The Crown Estate has been a force for stability and continuity in our central London constituencies, so it is disappointing that we have come to this pass. I cannot help thinking that it was the travails of that organisation over the past 18 months that persuaded it to look on the estates as something of a jewel in the crown for the purposes of a quick sale. We hope that good sense will prevail and that it will be persuaded that a sale is not yet necessary-either by a general bounce back in the property market or in its other investments, or by a recognition that it would be better for these communities to remain intact and continue to provide the rental incomes to which it has become accustomed.
I cannot stress too strongly the sense of community that exists in Millbank, which I am sure is also reflected in these estates in other constituencies. There is a tremendous community there. The 640 or so Members of Parliament who do not represent constituencies in central London may have the impression that London has a transitory community, but in many ways nothing could be further from the truth. We all represent a collection of villages with a proud sense of history, and over the past 20 or 30 years residents' associations and amenity societies have done a huge amount to instil a sense not just of history but of ongoing community.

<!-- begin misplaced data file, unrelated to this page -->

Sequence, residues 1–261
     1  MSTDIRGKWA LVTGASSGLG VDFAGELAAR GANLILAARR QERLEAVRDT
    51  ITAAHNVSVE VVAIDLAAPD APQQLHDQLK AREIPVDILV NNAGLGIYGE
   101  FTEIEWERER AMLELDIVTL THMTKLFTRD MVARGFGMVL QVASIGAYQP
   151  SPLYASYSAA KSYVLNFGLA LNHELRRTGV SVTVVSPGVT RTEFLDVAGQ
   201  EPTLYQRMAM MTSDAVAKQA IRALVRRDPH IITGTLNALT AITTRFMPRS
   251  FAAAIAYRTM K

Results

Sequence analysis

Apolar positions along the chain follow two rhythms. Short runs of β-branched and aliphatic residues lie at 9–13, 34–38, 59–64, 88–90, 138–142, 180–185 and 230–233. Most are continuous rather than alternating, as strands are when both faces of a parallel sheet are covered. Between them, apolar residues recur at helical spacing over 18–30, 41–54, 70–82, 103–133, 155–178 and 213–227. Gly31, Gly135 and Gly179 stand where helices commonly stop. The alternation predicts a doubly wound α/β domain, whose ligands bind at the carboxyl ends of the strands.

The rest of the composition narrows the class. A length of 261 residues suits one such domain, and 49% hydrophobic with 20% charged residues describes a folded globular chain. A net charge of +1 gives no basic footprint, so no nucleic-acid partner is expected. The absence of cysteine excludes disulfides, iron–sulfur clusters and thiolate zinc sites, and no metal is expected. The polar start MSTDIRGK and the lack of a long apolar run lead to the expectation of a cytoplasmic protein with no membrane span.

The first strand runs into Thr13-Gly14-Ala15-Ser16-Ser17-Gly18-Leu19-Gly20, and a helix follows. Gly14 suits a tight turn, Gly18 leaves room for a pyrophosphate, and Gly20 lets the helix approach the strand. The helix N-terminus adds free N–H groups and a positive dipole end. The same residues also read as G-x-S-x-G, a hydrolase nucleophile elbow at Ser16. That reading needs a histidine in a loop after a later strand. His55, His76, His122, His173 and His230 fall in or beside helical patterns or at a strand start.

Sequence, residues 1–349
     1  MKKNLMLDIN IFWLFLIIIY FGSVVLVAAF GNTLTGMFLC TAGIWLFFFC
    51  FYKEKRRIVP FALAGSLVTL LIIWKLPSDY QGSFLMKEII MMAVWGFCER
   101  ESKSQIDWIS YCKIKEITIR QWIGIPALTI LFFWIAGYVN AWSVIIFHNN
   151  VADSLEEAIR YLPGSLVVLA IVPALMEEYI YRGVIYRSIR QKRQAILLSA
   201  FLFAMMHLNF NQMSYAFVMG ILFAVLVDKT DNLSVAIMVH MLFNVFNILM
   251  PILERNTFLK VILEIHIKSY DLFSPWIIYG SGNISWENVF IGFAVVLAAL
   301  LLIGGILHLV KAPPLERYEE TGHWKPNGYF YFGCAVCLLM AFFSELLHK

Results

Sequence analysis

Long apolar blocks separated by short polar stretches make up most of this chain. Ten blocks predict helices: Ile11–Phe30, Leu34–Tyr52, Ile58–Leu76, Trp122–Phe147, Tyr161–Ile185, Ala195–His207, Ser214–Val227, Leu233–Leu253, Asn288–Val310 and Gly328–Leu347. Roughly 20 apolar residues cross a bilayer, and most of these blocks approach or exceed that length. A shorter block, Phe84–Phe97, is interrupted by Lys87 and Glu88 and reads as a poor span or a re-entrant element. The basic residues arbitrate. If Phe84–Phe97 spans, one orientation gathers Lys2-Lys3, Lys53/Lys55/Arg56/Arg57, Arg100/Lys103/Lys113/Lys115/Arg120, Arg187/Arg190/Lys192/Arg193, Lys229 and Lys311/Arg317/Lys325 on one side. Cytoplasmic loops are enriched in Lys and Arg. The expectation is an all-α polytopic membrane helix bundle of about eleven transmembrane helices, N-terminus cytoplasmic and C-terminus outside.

I hope that the Minister will give credence to what has been said today. I work closely with local councillors in the Tachbrook and Vincent Square wards, where the Millbank estate is located, but I also do cross-party work, which I think is particularly necessary. The hon. Member for Hackney, South and Shoreditch played a major role in ensuring that we kept Bart's hospital and in securing the important investment in Barts and the London NHS Trust, which is covered by Hackney, the City of London and the eastern areas of the Westminster part of my constituency. These issues should extend beyond any sense of partisan politics, and I hope that we will continue to work together and put the interests of our residents first and foremost.